ASHLAND — The Ashland Rotary Club has agreed to give $50,000 to the city for the Darex Family Ice Rink in Lithia Park.

ASHLAND — The Ashland Rotary Club has agreed to give $50,000 to the city for the Darex Family Ice Rink in Lithia Park.

The club unanimously approved the gift at its Thursday meeting, said Michael Donovan, club president.

"Ashland Rotary Club sees this as a way to give back to the community," Donovan said. "We hope this will be the lead gift to leverage greater participation from other members of the community."

The city's Parks and Recreation Commission must formally accept the gift. The commission will consider the matter, along with a new name for the rink, at its meeting on Monday.

If the commission accepts the gift, the rink will become the "Ashland Rotary Centennial Ice Rink."

The new name will acknowledge both the centennial of the Ashland Rotary Club and Lithia Park.

Donovan said the decision to support the ice rink for the club's centennial project came after an earlier project to extend the Bear Creek Greenway to North Mountain Park failed a few years ago.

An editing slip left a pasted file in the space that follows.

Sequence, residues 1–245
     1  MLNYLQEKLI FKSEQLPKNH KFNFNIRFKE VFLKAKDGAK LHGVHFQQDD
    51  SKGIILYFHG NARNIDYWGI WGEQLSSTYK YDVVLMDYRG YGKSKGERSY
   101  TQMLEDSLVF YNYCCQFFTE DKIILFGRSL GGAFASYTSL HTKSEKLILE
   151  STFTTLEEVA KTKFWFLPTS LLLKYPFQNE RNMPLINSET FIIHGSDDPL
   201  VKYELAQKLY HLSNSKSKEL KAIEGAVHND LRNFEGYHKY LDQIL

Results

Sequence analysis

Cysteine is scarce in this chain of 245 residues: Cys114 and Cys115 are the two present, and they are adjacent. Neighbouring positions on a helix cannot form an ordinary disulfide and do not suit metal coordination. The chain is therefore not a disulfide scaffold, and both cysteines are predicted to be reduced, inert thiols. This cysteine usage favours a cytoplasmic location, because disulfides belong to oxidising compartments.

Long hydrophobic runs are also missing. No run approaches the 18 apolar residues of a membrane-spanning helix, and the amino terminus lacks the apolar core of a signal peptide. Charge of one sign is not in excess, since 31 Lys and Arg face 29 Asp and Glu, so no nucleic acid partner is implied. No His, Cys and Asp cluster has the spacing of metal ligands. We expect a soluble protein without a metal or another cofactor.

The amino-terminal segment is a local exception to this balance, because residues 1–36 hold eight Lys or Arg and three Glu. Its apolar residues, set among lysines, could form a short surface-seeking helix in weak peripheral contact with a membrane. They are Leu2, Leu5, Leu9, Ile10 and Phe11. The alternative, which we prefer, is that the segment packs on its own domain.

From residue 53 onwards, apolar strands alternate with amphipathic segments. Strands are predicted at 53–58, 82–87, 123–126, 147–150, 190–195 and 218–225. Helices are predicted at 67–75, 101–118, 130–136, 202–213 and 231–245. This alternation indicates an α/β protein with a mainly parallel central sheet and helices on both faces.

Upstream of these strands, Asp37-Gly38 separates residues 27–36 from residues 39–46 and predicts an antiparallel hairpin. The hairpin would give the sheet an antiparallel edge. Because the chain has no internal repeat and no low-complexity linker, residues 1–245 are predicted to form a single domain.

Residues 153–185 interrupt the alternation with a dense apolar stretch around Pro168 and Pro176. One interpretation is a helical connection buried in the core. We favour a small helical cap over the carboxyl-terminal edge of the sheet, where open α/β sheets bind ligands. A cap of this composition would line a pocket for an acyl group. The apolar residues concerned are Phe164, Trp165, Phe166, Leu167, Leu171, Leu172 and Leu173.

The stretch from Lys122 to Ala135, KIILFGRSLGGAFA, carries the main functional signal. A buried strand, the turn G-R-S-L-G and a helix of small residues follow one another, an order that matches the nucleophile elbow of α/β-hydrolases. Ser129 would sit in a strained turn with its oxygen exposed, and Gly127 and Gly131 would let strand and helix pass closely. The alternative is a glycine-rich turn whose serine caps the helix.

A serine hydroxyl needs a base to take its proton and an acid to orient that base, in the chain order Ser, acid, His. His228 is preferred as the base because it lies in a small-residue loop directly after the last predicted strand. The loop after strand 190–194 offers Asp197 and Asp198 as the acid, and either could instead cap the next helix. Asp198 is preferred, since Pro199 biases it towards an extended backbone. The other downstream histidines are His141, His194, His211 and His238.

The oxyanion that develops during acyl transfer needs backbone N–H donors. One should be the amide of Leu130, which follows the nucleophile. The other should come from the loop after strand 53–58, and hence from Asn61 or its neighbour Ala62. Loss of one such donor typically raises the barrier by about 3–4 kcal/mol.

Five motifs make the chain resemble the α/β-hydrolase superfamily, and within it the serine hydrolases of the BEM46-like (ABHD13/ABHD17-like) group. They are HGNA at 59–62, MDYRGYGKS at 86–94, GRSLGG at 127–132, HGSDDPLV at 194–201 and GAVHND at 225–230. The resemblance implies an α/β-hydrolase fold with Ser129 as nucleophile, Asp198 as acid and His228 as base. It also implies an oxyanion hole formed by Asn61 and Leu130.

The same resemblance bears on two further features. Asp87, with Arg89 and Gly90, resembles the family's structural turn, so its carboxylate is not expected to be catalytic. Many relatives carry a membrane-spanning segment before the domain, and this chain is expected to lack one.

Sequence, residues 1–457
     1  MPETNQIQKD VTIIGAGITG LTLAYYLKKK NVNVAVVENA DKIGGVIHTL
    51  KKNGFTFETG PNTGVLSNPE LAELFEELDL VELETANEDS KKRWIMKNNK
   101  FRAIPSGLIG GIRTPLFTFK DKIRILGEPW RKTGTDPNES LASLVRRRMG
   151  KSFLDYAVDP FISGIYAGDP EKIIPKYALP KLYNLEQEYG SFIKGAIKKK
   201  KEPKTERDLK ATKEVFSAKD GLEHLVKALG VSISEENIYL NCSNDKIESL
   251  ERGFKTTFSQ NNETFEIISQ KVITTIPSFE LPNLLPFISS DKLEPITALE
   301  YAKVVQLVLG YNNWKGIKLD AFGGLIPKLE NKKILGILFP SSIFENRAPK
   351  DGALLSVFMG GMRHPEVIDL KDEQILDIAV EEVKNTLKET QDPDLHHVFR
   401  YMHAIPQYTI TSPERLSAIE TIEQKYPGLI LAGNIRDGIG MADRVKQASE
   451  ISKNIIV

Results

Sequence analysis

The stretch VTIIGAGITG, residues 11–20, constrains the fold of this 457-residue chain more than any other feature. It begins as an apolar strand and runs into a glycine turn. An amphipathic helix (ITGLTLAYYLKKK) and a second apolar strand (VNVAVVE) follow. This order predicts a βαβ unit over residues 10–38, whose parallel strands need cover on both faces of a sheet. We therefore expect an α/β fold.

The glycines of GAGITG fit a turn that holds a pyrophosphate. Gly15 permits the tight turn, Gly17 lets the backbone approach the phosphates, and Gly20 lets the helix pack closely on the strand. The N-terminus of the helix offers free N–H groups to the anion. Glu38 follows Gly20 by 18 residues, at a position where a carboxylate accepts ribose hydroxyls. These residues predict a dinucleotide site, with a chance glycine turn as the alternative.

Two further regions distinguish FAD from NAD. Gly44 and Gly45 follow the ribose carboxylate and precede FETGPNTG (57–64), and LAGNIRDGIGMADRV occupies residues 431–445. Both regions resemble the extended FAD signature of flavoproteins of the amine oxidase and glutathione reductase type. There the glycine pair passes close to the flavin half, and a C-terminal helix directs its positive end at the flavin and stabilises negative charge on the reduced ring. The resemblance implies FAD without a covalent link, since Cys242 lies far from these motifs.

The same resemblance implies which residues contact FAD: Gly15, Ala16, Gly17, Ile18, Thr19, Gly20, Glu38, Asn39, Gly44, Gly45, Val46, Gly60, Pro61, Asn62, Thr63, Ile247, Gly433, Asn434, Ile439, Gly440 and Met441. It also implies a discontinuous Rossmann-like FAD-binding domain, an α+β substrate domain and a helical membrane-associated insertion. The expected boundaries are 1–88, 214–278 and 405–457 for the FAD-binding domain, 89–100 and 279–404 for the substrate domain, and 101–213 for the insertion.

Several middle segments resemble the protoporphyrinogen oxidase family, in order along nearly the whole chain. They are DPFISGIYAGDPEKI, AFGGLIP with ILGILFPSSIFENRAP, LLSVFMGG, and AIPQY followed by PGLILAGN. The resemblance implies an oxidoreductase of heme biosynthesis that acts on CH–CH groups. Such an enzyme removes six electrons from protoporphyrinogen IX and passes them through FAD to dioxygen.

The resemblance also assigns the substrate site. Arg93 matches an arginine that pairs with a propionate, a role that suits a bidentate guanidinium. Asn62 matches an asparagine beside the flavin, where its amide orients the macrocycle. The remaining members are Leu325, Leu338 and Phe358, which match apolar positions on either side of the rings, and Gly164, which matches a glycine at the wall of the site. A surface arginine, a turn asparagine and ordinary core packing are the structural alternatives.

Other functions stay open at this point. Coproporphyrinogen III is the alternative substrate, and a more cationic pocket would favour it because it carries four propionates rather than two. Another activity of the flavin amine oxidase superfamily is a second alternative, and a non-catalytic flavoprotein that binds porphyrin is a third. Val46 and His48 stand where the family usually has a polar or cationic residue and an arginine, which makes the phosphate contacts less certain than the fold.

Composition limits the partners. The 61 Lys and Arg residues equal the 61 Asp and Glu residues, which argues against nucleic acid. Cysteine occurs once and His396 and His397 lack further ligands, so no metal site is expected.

Parks Commission Chairman Mike Gardiner said the gift comes at an opportune time.

"We had a certain amount of money available for the project, but we really needed to get over the hump," he said.

Since the rink was built in 1996, its name has been associated with Darex, a company founded by Richard Bernard and his son, Dave, in 1973. The Bernards moved to Ashland in 1979 from the Midwest, where they had skated during the region's cold winters. They made a $55,000 gift during the campaign to build the rink.

The family supports the gift and name change.

"I'm excited for the rink, that it's getting a needed upgrade and that the Rotary is willing to give it that push," Dave Bernard said.

Opening day for the rink likely has been pushed back to January due to delays in manufacturing of parts, said Don Robertson, parks and recreation director. The parks department cannot pour concrete for the rink until after Thanksgiving, when they receive the pipe that transports the coolant. The concrete must then cure for 30 days before any ice can be formed on top of it.

"One way or another we will have ice," he said.

The project will cost about $175,000 in all, Robertson said. It will include cooling coils embedded in the concrete to replace cooling mats that had to be put down every fall and taken up every spring. The new process will save approximately $10,000 per year in setup costs, he said.

The parks department also would like to add rest rooms, a warming hut and a permanent skate-rental facility at a later date, Robertson said.

A gift catalogue for the Ashland Parks Foundation, prominently featuring the ice rink fundraiser, will be available Dec. 13 at the Lithia Park centennial celebration, he said.